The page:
Activists charged for exposing whale meat scandal

Greenpeace denounces charges as disproportionate and politically motivated

Feature story - July 11, 2008
*Update: Junichi and Toru were released on bail late in the night on July 14th! The two activists were set free by a panel of three judges in Aomori, Japan pending their trial. An appeal by the local prosecutor was rejected by the judges, and Junichi and Toru headed home to see their families after 26 days in jail. A big “Thank You!” to the more than 250,000 people worldwide who took action on their behalf!The fight is not over, however, as the investigation into Japan’s illegal whaling program was dropped the same day the activists were charged. And, of course, Junichi and Toru must still have their day in court.

No date has been set for the Tokyo Two's court appearance, but given that only about 10% of bail applications are granted by Japan's court system, hopes are now running high that they will prevail.

Said Frode Pleym of Greenpeace, "We are extremely relieved that our two activists have finally been released. However, our biggest question remains unanswered: why did the Japanese Prosecutor drop his investigation into the compelling evidence of whale meat embezzlement by whaling crew members brought to him by Greenpeace? We call on the Government to reinstate its investigation into the corruption in the whaling fleet."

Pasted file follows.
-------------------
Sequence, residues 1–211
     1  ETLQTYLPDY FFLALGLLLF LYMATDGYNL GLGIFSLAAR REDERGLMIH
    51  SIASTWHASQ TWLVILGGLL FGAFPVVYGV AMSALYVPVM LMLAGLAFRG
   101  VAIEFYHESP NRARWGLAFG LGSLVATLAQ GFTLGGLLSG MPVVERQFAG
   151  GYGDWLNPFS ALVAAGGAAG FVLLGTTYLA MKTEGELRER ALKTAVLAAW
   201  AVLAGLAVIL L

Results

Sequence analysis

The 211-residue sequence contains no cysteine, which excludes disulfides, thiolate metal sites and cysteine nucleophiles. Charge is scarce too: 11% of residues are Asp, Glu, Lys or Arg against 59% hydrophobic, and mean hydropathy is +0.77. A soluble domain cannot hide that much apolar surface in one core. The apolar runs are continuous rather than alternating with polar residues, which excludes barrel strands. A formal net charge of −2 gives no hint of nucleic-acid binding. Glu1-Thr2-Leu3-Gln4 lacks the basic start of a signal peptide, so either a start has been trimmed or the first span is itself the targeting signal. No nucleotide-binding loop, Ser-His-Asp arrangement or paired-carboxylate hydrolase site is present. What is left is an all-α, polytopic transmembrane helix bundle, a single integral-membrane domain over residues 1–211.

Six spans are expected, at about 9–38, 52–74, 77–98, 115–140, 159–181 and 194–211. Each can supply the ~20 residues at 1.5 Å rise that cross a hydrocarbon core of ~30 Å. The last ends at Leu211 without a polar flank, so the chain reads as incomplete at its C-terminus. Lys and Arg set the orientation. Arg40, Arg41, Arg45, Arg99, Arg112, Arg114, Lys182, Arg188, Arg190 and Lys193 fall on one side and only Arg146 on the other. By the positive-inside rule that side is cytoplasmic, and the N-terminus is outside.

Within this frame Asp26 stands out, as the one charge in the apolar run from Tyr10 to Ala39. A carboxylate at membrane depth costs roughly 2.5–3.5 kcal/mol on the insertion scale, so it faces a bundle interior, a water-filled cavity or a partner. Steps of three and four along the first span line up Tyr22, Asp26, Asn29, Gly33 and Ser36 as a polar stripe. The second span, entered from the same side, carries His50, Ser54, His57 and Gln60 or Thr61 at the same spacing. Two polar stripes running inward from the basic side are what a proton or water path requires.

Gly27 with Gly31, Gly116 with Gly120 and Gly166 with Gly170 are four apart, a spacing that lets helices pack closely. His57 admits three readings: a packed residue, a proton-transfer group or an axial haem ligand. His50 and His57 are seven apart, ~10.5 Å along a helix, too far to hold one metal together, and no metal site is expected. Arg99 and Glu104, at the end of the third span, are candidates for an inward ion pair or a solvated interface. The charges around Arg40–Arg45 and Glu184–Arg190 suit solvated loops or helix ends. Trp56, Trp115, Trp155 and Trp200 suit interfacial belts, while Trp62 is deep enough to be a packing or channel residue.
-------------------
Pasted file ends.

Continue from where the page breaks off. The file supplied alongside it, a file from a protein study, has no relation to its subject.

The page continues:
Greenpeace Japan's activists, Junichi Sato and Toru Suzuki, were charged with theft and trespass by the prosecutor in Aomori after they exposed a major scandal around the embezzlement of whale meat from the Japanese government-sponsored Southern Ocean whaling program.

Junichi and Toru were placed in detention in Aomori at the time of their arrest on June 10th and were held until July 14th despite widespread international protest. They exposed the whale-meat embezzlement scandal on May 15th, when they presented a box of whale meat stolen by the crew of Japan's so-called "scientific whaling" fleet to the Tokyo Public Prosecutor. A dossier documenting how the box was intercepted during the four month long Greenpeace investigation was also submitted to the Tokyo Public Prosecutor.

The scam, in which prime cuts of whale meat are smuggled off the ship by crew members and sold outside official channels - for personal profit - appears to have been running for years, with the full awareness of the officials that conduct the whaling expeditions.

"Instead of prosecuting peaceful protesters and those who exposed crimes within the whaling program, the government of Japan should revoke all Southern Ocean whaling permits, release the activists and order an immediate and independent investigation into the embezzlement scandal, " said Gerd Leipold, Executive Director, Greenpeace International.

However, it appears that powerful forces within Japan's government don't want scrutiny of the whaling industry. On the day the activists were arrested, the Public Prosecutor dropped the investigation into the whaling industry, claiming there was insufficient evidence to pursue charges against any of the crew or whaling officials.